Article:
“That can be done with some level of certainty,” Borger said. “At this point, the system makes an assumption [on which plant or tree the data belongs to], but we’re working to refine it even further.”

His São Paulo team is developing tools to advance the capability of real-time processing and aggregation of images so that when a user takes a photo of a certain element of a plant or tree, for example, Missions will help the user determine its species and give the user five to six options to choose from. After the user makes the final identification, the data is sent to the database.

Tracking mobile species, such as frogs and insects living close to water, tack on another dimension of complexity altogether. They will be included in the future, Borger says, as his team is determining how to handle this type of monitoring.

IBM is particularly interested in knowing if insects living close to water are present because they can serve as bioindicators.

“If they’re not there, the water may not have enough oxygen for them to live,” Borger said.

The company’s efforts to get the public to crowdsource environmental indicators through technology is not new territory for IBM.

In 2009, an engineer in its San Jose, Calif., Almaden Research Lab developed CreekWatch, an app where users help the state to monitor drought conditions by uploading photos and weighing in on water levels, flow rate and the amount of trash at each location. Borger applied what he learned from this project to the development of the Wikiflora and Missions platforms.

And IBM’s Accessible Way app allows the greater public to map accessibility barriers in urban areas, so that mobility-challenged individuals can select suitable routes well in advance of their trip.

“We look at sustainability,” Borger said, “as a way to make our environment smarter.”

View the original story here.

Screenshot of Wikiflora web app courtesy IBM Brazil

Cloud technology brings clean drinking water to India

GreenBiz | September 4, 2013 | Original headline: How cloud technology can bring clean drinking water to India

Women and children collect drinking water from tanks at an urban resettlement slum in Delhi, India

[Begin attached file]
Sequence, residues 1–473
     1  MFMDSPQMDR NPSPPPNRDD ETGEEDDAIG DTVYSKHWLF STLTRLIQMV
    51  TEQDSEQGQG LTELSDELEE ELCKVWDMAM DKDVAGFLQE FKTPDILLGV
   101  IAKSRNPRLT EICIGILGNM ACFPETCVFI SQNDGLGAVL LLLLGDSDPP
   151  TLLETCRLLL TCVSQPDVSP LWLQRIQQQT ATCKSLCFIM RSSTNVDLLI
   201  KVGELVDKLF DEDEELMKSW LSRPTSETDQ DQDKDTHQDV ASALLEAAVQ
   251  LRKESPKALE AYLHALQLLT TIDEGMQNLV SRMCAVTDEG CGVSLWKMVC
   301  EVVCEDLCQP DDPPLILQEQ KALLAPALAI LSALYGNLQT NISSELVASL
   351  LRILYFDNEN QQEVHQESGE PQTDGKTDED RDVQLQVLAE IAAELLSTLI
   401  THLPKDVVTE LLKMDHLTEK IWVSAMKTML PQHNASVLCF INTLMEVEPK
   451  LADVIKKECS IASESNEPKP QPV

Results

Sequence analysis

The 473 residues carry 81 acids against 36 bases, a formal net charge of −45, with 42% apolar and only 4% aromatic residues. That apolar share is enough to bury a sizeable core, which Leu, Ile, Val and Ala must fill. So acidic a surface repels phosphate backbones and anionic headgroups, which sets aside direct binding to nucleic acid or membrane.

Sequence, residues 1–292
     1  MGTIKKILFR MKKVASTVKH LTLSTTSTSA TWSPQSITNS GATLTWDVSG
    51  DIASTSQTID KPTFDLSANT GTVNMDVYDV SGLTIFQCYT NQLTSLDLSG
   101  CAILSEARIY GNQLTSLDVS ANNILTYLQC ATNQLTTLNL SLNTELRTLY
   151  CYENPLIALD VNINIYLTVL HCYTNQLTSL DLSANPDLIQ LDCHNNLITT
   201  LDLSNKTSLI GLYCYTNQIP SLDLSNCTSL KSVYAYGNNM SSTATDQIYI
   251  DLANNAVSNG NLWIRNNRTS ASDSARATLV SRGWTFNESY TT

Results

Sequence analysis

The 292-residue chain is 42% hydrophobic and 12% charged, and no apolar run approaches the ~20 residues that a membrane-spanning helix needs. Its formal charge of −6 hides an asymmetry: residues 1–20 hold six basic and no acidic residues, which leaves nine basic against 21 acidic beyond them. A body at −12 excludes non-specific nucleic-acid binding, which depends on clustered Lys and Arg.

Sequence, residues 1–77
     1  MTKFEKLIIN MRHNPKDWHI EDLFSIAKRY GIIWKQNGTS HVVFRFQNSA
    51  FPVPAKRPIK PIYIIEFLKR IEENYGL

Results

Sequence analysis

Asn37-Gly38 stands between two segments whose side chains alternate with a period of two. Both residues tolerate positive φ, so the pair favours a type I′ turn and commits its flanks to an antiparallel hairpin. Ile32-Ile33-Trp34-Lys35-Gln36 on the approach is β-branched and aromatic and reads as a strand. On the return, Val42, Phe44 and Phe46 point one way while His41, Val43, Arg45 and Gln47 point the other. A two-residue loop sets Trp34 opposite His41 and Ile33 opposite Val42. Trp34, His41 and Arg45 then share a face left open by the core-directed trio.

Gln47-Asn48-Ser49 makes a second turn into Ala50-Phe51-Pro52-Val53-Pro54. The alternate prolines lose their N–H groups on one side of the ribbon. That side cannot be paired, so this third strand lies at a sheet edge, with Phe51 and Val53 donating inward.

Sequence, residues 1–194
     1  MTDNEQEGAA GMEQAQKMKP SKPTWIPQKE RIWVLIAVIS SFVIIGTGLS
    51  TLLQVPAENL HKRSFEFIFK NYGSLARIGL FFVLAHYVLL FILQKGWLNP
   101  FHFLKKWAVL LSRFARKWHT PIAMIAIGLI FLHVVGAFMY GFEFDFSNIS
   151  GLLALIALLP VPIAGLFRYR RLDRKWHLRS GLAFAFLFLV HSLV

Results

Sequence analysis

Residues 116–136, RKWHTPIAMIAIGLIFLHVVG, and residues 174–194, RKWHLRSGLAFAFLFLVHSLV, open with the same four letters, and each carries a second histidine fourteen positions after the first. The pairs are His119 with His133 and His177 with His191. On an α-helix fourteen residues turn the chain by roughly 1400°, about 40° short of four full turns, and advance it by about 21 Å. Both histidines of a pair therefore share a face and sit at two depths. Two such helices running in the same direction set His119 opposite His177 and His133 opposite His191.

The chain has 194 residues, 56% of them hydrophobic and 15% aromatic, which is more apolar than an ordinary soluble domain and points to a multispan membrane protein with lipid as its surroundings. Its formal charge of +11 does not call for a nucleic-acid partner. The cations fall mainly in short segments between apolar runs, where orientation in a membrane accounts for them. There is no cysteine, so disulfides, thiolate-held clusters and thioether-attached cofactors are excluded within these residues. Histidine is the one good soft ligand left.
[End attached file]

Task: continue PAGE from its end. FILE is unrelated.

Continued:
Women and children collect drinking water from tanks at an urban resettlement slum in Delhi, India. Credit: Frog Design

Imagine not having access to clean drinking water because you refused to vote for a particular politician, or didn’t pay bribes to the driver delivering your supply. Even after doing both these things, you’re still not sure just exactly when the next delivery will arrive.

This is the case in India, where access to drinking water is not universal. As India increasingly urbanizes and water becomes even more scarce, solutions that raise access will be more important in the coming decades.

That’s why the Piramal Foundation — which addresses India’s development challenges through social ventures — funded Sarvajal, a company that uses cloud technology to provide water via filtration stations and solar-powered ATMs.

UNICEF reports that water-borne diseases such as cholera, gastroenteritis and diarrhea in India are responsible for $600 million in medical bills and lost productivity per year, but it could get worse. The national government estimates that demand for clean water will rise 50 percent by 2031 if current delivery models stay the same. According to the World Bank, 220 million Indians will migrate to cities over the same 20-year period.

The problem: Steady access to clean water

In rural areas, residents often have no other choice than to capture groundwater.  “The water was brackish, there were no pipes, no tankers, and filters were too expensive,” said Anand Shah, former head of the India-based Piramal Foundation, of the lack of access. “They’d sift it but would still have large amounts of kidney stones, joint pain, arthritis and gastrointestinal problems.” Plus, the reverse osmosis process to desalinate and filter out impurities was inefficient.